And whenever the display is alive, these ICs must also be alive, continuously refreshing the image with the contents of the display's frame store memory.
Even in standby mode, when the image is not changing, this consumes battery power. The steppers that handle large-area glass substrates only allow 3 micron design rules for integrated polysilicon circuitry (a far cry from the 0.13 micron design rules for state-of-the-art silicon wafer CMOS process technologies).
But even with this relatively large feature size there is more than enough area in the 1.5 mm wide seal line around a small AMLCD to accommodate most of the required drive circuitry if it is integrated into the polysilicon layer.
Connections to this circuitry are via the same metallisation patterns used for the display's row and column electrodes, so there are no IC bonding problems to worry about.
And the bond pads for the remaining 70 or so off-glass connections that are required to feed the display with data, can be made much larger and more robust.
Clearly, polysilicon has the potential to take what is required today to produce an AMLCD, compress it into a smaller footprint to allow greater freedom in aesthetic and ergonomic design and make the assembly more robust and reliable.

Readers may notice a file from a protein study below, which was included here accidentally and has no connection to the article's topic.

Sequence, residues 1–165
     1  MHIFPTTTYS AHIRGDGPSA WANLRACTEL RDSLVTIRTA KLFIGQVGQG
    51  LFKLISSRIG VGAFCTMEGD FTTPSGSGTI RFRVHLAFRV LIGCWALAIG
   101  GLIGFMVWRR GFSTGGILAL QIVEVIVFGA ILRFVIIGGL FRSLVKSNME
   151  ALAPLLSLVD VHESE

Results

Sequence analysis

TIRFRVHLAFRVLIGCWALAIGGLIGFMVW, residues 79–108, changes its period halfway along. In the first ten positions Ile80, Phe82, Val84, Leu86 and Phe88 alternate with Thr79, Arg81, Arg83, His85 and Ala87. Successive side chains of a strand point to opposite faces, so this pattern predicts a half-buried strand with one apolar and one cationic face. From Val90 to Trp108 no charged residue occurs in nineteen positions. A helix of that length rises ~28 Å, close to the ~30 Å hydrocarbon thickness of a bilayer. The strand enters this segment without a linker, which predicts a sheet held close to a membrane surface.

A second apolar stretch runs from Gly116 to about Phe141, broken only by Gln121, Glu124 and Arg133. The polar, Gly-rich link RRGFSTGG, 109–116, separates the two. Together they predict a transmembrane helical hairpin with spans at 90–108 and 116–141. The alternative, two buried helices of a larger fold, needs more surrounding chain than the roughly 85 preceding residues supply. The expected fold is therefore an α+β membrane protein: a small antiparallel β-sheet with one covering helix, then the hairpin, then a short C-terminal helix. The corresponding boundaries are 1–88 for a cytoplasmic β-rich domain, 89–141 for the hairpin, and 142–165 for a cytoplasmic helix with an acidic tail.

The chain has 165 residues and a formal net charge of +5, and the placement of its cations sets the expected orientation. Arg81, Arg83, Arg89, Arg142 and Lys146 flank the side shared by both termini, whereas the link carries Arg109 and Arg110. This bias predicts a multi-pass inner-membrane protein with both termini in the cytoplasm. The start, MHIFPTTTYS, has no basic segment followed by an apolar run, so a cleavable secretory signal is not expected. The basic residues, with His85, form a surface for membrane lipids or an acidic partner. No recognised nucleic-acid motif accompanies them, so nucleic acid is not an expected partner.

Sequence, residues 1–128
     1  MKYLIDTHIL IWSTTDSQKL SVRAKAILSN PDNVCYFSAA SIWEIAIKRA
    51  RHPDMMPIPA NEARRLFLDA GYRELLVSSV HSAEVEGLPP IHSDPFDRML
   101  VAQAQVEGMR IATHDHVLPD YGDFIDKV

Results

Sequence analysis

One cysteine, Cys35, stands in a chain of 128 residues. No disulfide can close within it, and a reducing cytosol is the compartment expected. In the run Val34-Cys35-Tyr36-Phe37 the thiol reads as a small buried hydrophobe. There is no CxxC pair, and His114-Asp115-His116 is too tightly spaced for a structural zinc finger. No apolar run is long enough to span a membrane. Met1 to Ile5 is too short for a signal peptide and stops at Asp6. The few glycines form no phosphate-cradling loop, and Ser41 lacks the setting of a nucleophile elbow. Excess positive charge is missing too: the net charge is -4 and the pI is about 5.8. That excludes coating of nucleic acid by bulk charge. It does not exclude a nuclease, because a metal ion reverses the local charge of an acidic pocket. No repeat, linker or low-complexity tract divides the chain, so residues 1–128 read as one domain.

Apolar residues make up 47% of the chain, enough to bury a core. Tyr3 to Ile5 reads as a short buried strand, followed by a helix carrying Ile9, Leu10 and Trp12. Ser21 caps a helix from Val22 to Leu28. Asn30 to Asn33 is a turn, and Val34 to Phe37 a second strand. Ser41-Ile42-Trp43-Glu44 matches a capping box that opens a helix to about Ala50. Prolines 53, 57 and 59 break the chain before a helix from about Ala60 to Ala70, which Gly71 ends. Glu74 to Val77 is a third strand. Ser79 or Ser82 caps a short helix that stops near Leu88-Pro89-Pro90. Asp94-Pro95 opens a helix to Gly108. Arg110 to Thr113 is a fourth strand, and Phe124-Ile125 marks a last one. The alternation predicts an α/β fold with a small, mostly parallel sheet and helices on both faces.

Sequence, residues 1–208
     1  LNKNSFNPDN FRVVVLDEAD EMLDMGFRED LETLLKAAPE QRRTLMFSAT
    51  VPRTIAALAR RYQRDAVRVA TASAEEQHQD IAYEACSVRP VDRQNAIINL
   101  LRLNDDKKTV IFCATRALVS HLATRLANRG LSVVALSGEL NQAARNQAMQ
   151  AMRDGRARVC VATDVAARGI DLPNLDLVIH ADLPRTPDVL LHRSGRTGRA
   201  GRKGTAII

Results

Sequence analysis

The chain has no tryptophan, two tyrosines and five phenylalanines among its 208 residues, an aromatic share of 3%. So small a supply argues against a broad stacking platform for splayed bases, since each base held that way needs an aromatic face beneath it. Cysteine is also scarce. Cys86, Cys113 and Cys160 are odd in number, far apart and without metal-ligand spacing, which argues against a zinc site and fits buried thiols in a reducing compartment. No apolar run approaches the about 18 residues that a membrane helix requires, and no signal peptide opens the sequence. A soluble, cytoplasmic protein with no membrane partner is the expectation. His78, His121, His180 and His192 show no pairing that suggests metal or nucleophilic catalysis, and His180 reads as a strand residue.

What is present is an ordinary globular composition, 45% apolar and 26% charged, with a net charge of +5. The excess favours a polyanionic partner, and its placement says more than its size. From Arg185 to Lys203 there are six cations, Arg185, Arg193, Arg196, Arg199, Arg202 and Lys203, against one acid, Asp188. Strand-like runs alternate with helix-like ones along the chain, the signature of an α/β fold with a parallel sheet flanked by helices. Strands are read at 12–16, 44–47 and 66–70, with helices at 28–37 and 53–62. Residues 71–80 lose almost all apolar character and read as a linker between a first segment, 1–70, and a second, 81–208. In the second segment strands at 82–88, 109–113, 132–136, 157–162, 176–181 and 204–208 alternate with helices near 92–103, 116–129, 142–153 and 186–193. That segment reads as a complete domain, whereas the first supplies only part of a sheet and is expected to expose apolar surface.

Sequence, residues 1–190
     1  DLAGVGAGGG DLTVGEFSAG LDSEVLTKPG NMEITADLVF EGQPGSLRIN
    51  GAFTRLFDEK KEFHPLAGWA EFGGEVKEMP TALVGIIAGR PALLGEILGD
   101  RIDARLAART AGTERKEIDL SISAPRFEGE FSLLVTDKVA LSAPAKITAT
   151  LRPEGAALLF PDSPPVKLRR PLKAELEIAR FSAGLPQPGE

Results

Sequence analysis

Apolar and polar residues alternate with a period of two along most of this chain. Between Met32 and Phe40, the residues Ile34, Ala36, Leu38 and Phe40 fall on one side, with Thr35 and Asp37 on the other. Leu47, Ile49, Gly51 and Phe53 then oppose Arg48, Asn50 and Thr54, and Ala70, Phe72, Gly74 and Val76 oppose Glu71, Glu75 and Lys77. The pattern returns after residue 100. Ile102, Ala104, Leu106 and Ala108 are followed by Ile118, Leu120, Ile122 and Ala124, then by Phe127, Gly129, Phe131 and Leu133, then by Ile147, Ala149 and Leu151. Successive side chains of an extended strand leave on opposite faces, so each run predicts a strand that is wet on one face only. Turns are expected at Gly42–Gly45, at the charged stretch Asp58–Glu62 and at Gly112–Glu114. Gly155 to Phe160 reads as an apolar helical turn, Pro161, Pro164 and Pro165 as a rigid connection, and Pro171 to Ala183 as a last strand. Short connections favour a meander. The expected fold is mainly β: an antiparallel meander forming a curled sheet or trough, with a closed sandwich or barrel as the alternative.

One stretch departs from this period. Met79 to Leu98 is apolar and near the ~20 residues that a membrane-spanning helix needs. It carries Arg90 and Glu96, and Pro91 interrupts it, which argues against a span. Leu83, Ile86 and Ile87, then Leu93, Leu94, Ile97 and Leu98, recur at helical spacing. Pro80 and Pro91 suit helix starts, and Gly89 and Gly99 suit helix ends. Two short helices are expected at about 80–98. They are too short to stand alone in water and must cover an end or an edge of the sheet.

It can also cut standby power consumption. However, it remains a more expensive process than amorphous silicon, typically requiring three additional mask steps.
This means that where the physical size and cost of conventional driver ICs are less significant in relation to overall panel size and cost, amorphous silicon is still likely to predominate.
At the moment, the estimated price cross-over point is a display diagonal of between eight and 10", giving polysilicon a competitive edge in AMLCDs up to PDA size, and obviously including displays for very-high-volume markets such as mobile phones.
In addition to improving the price/performance ratios of current small-footprint AMLCDs, polysilicon technology may also enable a whole new generation of 'intelligent' and low-power displays.
With further development work under way to reduce the threshold voltage of polysilicon transistors, these new displays will be able to interface directly to the low-voltage, low-power CMOS, system-on-chip solutions that now dominate the consumer electronics market. At the same time they can reduce power dissipation in the display's integrated polysilicon electronics.
More complex polysilicon circuitry could also start to move from the periphery into the pixel structure of the display itself.
For example, with smaller design rules, a complete frame store could be constructed directly behind the pixel array, replacing the external frame store memory that is required in existing display systems.
Even a partial frame store built into the display would mean that when you are displaying a simple static image, such as in the standby mode of a mobile phone, all the display interfacing and multiplexing circuitry can be turned off, providing dramatic power consumption improvement (about 10 times less).